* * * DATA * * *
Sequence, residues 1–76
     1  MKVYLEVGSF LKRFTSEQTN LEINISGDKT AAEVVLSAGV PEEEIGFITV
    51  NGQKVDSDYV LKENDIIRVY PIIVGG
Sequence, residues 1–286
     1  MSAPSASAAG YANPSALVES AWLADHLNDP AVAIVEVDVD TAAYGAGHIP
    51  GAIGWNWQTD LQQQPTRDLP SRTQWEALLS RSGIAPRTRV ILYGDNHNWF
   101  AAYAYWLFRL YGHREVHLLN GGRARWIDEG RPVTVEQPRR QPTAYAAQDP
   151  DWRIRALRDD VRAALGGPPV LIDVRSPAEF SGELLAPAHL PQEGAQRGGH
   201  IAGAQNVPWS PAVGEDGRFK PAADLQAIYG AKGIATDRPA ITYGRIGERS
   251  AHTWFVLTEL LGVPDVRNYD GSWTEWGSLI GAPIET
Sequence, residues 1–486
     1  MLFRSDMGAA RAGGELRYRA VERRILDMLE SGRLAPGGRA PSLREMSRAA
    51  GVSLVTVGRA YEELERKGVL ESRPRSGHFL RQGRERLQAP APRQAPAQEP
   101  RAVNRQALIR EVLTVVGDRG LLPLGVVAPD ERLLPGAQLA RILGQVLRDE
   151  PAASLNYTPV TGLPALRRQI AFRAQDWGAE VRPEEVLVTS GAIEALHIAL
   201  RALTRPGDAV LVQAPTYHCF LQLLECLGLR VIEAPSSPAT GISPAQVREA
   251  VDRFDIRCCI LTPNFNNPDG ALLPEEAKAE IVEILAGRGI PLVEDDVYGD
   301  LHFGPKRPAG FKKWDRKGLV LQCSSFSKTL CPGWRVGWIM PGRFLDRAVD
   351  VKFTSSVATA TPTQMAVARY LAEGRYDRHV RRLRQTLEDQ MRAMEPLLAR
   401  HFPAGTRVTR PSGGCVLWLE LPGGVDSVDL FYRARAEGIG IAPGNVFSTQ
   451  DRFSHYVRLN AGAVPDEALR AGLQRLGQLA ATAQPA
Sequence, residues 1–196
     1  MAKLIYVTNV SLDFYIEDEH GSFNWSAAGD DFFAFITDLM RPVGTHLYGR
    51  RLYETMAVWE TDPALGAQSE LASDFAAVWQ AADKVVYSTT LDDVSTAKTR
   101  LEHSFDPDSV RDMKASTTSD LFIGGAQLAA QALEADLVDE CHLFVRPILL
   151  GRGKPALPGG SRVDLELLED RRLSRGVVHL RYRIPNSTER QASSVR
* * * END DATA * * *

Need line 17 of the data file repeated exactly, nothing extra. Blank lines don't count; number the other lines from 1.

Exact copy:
   251  VDRFDIRCCI LTPNFNNPDG ALLPEEAKAE IVEILAGRGI PLVEDDVYGD